Read the following edited primary source document, then answer the subsequent multiple choice questions.
Excerpt from The Southern Manifesto
[From Congressional Record, 84th Congress Second Session. Vol. 102, part 4 (March 12, 1956). Washington, D.C.: Governmental Printing Office, 1956. 4459-4460.]
"The Southern Manifesto," in opposition to school desegregation, was originally drafted by South Carolina Senator Strom Thurmond, and finalized by Senator Richard B. Russell from Georgia. Formally titled the "Declaration of Constitutional Principles," it was introduced in a speech on the House floor on March 12, 1956 by Virginia’s Howard Smith, the chairman of the House Rules Committee. It eventually carried the signatures of 82 House Representatives and 19 Senators, almost all of them from the Deep South.
The unwarranted decision of the Supreme Court in the public school cases is now bearing the fruit always produced when men substitute naked power for established law.
[…] We regard the decisions of the Supreme Court in the school cases as a clear abuse of judicial power. It climaxes a trend in the Federal Judiciary undertaking to legislate, in derogation of the authority of Congress, and to encroach upon the reserved rights of the States and the people.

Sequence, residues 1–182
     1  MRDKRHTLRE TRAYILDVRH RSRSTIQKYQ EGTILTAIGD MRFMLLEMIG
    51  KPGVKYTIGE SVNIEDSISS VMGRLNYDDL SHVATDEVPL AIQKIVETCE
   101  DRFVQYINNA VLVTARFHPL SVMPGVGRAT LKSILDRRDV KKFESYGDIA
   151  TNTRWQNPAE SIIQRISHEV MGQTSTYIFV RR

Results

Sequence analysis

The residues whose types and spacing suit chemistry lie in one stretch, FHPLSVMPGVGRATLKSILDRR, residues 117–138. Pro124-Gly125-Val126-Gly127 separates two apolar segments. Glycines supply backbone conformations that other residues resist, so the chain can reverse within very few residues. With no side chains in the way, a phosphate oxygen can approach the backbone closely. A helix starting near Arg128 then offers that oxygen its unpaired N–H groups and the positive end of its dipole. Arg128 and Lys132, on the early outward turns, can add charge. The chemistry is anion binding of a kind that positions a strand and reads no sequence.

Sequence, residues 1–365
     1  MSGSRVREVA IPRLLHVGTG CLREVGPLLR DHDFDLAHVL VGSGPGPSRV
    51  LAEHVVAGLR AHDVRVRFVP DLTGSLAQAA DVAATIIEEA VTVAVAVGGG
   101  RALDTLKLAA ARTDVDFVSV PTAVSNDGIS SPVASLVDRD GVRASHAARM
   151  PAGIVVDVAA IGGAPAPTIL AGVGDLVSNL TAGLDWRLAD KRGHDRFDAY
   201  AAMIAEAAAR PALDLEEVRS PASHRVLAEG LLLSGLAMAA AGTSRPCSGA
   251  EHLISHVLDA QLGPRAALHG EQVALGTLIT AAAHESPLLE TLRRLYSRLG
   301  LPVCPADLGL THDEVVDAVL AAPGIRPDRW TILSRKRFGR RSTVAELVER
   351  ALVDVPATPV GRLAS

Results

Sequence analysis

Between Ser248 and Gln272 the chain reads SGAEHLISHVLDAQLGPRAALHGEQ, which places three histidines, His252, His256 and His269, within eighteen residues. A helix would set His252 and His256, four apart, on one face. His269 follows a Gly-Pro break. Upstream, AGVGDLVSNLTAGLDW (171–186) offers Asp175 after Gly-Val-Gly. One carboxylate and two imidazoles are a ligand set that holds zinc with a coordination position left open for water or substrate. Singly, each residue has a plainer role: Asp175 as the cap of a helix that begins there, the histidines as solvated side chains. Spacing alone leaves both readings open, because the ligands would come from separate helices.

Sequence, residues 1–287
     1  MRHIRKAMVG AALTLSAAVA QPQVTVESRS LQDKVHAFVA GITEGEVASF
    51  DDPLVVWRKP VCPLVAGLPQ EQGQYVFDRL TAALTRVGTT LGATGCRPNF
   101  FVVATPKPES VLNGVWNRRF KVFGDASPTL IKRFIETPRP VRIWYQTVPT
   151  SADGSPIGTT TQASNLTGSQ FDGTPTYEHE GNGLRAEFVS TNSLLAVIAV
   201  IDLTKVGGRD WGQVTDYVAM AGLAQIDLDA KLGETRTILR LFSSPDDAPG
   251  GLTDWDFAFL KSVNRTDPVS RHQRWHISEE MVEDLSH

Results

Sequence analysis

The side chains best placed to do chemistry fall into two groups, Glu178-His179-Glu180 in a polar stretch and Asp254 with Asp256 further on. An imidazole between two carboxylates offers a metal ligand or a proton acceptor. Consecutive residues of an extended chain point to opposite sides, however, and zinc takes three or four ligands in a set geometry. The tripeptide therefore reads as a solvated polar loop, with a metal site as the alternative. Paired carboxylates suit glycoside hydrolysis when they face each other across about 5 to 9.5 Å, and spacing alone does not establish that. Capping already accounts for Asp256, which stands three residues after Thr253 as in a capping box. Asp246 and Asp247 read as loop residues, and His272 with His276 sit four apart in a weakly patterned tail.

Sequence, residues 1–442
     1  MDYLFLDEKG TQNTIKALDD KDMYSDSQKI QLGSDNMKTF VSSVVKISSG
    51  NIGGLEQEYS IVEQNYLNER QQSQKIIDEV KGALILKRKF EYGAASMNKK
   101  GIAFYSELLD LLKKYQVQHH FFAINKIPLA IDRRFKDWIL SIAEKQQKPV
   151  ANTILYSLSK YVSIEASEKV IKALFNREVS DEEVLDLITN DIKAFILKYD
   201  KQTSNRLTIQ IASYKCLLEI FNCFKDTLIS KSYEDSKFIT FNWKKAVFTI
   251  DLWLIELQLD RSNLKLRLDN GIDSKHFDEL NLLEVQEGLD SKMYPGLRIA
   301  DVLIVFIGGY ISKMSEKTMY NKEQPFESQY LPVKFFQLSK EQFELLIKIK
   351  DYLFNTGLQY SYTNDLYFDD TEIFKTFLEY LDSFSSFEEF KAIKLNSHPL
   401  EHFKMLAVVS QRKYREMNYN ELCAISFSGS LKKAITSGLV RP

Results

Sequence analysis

The original Constitution does not mention education. Neither does the 14th Amendment nor any other amendment. The debates preceding the submission of the 14th Amendment clearly show that there was no intent that it should affect the system of education maintained by the States.
[…] As admitted by the Supreme Court in the public school case (Brown v. Board of Education), the doctrine of separate but equal schools "apparently originated in Roberts v. City of Boston (1849), upholding school segregation against attack as being violative of a State constitutional guarantee of equality." This constitutional doctrine began in the North, not in the South,...
[…] This interpretation … is founded on elemental humanity and commonsense, for parents should not be deprived by Government of the right to direct the lives and education of their own children.
[…]This unwarranted exercise of power by the Court, contrary to the Constitution, is creating chaos and confusion in the States principally affected. It is destroying the amicable relations between the white and Negro races that have been created through 90 years of patient effort by the good people of both races. It has planted hatred and suspicion where there has been heretofore friendship and understanding.
Without regard to the consent of the governed, outside mediators are threatening immediate and revolutionary changes in our public schools’ systems. If done, this is certain to destroy the system of public education in some of the States.
With the gravest concern for the explosive and dangerous condition created by this decision and inflamed by outside meddlers:
[…] We decry the Supreme Court's encroachment on the rights reserved to the States and to the people, contrary to established law, and to the Constitution.
[…] In this trying period, as we all seek to right this wrong, we appeal to our people not to be provoked by the agitators and troublemakers invading our States and to scrupulously refrain from disorder and lawless acts.